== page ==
Home » Irwin » Suicide in a Fit of Despondency

Suicide in a Fit of Despondency

William McLean Irwin, the second son of Archibald Irwin and Margaret Doyle was born on 9th January 1839 in Kensington, West Derby (Now part of Liverpool). Spending the early part of his life in Everton, he enlisted in the 4th Kings Own Royal Lancashire Regiment whilst still a teenager.

The King's Own Royal Regiment (Lancaster) cap badge.

The King’s Own Royal Regiment (Lancaster) cap badge.

Whilst serving with the army, he was stationed for a time at Prince Edward Island, Canada and it is, presumably, here where he met his wife, Patience Smith, a woman six years his junior. William continued to serve with the army and, by the time of the 1871 Census (where he was recorded in Farnborough, Hampshire), he had risen to the rank of Colour Sergeant.

William and Patience had nine children, the final three being born in Charlottetown, Prince Edward Island, where the family had decided to settle after William retired from the army in 1879. He had several changes of occupation whilst in Canada, becoming a farmer, dry goods clerk and, finally, a book keeper.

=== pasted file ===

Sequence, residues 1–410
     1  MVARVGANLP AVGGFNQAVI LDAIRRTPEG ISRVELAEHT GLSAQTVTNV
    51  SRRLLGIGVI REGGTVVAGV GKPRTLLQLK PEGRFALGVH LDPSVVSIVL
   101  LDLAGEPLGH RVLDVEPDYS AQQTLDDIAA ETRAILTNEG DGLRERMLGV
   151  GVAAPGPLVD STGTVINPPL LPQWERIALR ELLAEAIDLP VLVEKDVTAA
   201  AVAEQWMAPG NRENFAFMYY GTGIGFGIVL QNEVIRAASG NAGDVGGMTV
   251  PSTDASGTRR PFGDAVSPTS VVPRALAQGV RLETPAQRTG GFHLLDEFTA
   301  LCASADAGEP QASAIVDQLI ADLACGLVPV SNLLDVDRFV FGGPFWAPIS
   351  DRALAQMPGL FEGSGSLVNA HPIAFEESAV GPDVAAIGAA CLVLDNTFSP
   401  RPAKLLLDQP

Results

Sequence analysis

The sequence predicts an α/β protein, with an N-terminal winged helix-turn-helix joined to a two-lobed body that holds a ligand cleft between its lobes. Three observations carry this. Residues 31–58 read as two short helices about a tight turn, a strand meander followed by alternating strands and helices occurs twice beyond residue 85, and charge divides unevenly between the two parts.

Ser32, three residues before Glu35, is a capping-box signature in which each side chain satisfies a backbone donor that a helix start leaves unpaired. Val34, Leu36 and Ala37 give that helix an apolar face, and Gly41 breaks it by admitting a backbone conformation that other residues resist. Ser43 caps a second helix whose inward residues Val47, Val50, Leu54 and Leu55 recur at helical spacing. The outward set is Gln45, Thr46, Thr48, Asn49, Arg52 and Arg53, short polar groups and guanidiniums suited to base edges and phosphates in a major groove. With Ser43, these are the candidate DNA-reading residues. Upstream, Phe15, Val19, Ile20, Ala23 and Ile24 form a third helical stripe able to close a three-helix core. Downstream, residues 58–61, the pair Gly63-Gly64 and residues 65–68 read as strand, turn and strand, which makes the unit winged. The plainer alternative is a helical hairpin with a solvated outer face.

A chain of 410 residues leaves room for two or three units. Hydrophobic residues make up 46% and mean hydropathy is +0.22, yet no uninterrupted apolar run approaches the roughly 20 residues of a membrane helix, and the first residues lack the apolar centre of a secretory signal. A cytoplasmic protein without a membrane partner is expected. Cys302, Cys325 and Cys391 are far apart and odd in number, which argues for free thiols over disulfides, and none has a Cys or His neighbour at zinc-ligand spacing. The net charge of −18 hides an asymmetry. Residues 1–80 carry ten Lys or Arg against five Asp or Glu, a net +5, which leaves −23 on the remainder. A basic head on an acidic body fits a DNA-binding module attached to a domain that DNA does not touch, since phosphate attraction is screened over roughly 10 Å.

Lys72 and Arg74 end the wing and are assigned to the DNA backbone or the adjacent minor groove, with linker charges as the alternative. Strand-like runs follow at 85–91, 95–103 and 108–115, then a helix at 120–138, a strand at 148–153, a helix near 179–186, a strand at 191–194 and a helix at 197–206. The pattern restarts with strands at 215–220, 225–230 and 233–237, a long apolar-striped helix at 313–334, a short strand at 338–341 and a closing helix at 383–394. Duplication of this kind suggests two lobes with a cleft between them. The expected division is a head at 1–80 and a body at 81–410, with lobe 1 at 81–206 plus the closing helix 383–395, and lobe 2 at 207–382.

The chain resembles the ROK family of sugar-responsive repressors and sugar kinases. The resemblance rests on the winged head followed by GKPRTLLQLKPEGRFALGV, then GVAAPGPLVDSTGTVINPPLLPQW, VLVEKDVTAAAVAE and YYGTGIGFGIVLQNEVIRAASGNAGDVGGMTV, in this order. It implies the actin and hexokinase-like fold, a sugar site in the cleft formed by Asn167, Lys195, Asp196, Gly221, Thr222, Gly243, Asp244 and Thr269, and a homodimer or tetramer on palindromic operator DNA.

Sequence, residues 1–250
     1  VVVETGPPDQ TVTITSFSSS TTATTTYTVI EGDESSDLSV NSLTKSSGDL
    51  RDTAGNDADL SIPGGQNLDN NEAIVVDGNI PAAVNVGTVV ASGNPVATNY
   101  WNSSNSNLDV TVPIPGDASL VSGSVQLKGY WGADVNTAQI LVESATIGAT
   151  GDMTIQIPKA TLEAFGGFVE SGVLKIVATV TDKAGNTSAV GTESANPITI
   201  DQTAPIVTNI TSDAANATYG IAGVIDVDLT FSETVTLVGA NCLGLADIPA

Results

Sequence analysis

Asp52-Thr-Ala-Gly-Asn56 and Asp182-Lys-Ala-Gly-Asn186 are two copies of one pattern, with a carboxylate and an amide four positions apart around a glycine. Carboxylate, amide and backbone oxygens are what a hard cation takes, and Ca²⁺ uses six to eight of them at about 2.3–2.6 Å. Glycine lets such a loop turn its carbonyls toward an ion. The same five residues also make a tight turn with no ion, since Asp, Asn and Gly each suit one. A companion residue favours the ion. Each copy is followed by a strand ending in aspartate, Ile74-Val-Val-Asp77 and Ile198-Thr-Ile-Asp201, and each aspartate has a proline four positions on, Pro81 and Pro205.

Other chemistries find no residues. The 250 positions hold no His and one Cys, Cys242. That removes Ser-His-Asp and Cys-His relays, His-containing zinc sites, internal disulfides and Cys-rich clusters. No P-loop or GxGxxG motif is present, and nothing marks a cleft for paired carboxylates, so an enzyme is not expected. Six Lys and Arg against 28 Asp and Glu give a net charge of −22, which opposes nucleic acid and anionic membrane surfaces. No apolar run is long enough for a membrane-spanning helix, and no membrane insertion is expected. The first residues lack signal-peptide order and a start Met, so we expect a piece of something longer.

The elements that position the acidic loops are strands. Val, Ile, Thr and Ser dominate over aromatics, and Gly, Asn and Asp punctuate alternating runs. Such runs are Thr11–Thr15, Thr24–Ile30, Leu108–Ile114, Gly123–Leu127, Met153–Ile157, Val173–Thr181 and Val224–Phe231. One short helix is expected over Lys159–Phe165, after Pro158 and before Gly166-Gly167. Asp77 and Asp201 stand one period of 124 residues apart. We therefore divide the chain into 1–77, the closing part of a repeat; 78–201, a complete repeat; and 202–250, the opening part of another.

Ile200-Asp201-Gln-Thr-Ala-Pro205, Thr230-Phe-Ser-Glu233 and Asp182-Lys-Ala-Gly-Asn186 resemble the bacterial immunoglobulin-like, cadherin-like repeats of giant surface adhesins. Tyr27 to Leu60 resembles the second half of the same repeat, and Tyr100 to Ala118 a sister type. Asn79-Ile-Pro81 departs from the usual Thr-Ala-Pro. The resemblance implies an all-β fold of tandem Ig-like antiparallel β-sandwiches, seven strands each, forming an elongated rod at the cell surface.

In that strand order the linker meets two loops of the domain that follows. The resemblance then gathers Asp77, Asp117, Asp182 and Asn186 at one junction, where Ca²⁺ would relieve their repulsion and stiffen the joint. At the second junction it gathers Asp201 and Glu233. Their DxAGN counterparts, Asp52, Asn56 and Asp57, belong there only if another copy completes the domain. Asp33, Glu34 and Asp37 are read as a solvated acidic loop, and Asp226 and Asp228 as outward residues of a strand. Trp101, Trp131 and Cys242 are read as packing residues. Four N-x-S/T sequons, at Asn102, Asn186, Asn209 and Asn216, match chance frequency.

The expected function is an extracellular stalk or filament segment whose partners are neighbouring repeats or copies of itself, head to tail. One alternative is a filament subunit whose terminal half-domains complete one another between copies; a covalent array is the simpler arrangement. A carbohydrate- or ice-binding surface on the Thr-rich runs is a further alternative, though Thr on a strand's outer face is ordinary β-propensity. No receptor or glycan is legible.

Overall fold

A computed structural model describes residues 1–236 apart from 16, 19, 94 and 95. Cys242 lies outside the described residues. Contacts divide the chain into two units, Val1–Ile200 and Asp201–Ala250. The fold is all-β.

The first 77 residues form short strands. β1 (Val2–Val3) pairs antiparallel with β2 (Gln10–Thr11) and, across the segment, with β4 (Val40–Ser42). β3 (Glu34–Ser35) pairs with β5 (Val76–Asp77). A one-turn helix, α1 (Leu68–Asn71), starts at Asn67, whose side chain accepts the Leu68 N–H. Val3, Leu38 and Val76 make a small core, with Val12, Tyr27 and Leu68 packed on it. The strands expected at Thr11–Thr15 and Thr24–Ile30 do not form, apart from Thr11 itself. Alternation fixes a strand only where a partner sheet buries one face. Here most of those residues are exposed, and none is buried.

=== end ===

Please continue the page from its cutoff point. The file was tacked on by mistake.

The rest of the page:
The building that was formerly the Apothecaries Hall in Charlottetown.

The building that was formerly the Apothecaries Hall in Charlottetown.

On April 30th, 1903, at 5.45 pm, after a period of illness, William entered the Apothecaries Hall in Charlottetown where he purchased an ounce bottle of carbolic acid. On reaching the street, outside W. A. Hutcherson’s store, he took the cork from the bottle and drank the contents. After discarding the empty bottle, he walked a few steps, caught himself on a post outside the aforementioned store and promptly fell.

A crowd quickly gathered to see what had happened. It soon became apparent what had caused the fall and an antidote was quickly administered before the partially conscious man was taken to his home in King Street. Unfortunately, only a few minutes after reaching his home, despite a doctor being summoned, William passed away.

After hearing the facts, Coroner Dr. R. McNeill decided that an inquest would be unnecessary and determined that William had committed suicide in a fit of despondency after suffering from illness.

William McLean Irwin’s funeral took place a few days later at St. Peter’s Cemetery, Charlottetown.

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